"We believe the shield should apply to journalists who receive information in the normal course of their work."... "The Greens' changes (incorporated into Federal legislation) are cast in extremely broad terms," Mr Clark said. "Simply running a blog does not make you a journalist. If you are a professional carrying on online journalism in the course of your work, electronic media journalists qualify (for protection) just as the print media does. "But if you are an amateur running a blog, in principle and practice, it is not appropriate that the privilege extend to such a person."
In Canberra Andrew Wilkie's initial attempt at defining the circumstances in which it could  apply was limited to a journalist employed and operating in the course of work. This would have excluded a free lancer not currently employed working on a story for later submission to a publisher but who could not point to an employee-employer relationship at the time the source provided the information. Or a student journalist. Or any person not currently employed who publishes and disseminates news and opinion regularly and consistently on the internet, in other words clearly a citizen journalist.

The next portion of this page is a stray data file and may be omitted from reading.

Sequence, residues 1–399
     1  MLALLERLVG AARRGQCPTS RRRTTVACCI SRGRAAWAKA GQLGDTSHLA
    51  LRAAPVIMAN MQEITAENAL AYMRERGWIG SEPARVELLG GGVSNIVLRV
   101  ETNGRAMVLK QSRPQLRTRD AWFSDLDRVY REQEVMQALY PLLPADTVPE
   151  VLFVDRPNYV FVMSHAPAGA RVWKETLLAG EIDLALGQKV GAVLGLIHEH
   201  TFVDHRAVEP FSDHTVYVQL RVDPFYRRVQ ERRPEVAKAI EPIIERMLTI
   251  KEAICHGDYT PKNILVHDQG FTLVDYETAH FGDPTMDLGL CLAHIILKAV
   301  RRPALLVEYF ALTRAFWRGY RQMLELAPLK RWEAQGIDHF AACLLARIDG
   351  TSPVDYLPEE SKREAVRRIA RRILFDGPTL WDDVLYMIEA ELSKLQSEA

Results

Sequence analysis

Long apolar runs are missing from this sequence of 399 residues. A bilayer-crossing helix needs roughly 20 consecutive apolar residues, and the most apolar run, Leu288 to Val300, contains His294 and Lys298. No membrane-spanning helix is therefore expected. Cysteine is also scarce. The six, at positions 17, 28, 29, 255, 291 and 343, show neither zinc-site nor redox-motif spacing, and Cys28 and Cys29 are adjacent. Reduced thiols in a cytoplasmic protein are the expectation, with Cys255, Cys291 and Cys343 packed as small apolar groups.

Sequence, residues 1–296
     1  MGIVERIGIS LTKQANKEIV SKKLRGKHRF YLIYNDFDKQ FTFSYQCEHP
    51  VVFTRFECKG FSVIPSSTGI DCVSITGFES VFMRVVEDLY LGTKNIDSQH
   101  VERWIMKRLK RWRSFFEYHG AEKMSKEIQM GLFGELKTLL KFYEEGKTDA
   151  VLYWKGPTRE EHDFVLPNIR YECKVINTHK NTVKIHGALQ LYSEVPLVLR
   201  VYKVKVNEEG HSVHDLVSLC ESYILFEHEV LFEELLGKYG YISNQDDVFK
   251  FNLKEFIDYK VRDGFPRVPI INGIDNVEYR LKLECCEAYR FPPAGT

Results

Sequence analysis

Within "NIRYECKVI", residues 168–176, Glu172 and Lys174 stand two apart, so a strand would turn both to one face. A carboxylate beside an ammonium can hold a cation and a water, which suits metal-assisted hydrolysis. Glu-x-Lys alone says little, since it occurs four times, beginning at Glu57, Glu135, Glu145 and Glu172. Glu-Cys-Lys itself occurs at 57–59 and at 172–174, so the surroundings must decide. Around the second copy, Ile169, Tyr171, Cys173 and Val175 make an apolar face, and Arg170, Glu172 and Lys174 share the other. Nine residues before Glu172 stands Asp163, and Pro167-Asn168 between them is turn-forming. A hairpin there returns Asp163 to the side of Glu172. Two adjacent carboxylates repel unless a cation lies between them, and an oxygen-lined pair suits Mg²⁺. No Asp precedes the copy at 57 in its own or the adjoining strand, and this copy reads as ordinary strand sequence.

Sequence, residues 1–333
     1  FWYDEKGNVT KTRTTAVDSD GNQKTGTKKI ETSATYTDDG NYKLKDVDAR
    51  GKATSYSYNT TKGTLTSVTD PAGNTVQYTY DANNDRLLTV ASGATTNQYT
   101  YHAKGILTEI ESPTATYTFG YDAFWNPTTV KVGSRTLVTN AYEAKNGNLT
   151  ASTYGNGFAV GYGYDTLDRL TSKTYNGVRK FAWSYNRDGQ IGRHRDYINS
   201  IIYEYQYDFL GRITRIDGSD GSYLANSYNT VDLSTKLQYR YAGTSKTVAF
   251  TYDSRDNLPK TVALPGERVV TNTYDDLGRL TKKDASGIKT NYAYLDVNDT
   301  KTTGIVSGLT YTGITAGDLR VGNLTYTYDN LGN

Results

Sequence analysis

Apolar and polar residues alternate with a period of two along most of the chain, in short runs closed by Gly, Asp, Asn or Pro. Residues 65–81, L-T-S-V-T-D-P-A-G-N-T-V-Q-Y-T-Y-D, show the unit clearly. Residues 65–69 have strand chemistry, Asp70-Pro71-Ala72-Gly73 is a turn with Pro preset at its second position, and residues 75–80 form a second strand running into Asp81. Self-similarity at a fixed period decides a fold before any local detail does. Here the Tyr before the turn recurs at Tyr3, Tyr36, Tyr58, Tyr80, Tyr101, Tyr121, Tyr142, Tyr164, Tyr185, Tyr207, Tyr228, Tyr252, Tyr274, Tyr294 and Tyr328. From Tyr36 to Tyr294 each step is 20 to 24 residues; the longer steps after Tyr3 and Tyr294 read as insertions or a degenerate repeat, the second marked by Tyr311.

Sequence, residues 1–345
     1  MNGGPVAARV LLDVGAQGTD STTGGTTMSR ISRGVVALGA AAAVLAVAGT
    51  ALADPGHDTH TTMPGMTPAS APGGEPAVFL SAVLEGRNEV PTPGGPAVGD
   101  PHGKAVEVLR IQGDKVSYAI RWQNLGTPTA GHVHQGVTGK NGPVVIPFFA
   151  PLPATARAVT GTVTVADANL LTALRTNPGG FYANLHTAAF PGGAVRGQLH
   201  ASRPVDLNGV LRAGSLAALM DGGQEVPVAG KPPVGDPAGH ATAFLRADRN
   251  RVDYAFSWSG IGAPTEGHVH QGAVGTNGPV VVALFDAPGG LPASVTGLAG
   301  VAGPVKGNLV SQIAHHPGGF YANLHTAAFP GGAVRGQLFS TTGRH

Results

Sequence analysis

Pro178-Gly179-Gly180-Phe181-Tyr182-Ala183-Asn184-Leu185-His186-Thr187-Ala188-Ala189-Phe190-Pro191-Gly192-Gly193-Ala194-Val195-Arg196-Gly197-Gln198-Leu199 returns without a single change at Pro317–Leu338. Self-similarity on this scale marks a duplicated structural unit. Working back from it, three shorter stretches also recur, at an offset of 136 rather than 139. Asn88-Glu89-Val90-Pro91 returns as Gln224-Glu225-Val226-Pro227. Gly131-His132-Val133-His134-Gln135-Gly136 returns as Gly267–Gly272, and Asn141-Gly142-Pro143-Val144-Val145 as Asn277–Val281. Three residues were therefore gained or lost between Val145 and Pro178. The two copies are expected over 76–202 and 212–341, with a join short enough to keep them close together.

The Greens amendments incorporated into the Bill in Canberra with support from the Government and Wilkie were an attempt to address such problems. In my view the definitions don't extend the privilege to anyone who publishes anything, anywhere as claimed by Opposition Senator Brandis and his colleagues, and now reflected in the Victorian Attorney's comments:
journalist means a person who is engaged and active in the publication of news and may be given information by an informant in the expectation that the information may be published in a news medium; news medium means any medium for the dissemination to the public or a section of the public of news and observations on news.
Uniformity should be the aim although "normal course of work" without references to any professional/ amateur dichotomy could be broad enough to extend privilege to those paid or unpaid engaged and active in the publication of news.

Let's hope for some sort of debate about this before we end up with the traditional mess of differing Federal and state laws reminiscent of those different rail gauges of another century.

Friday, April 08, 2011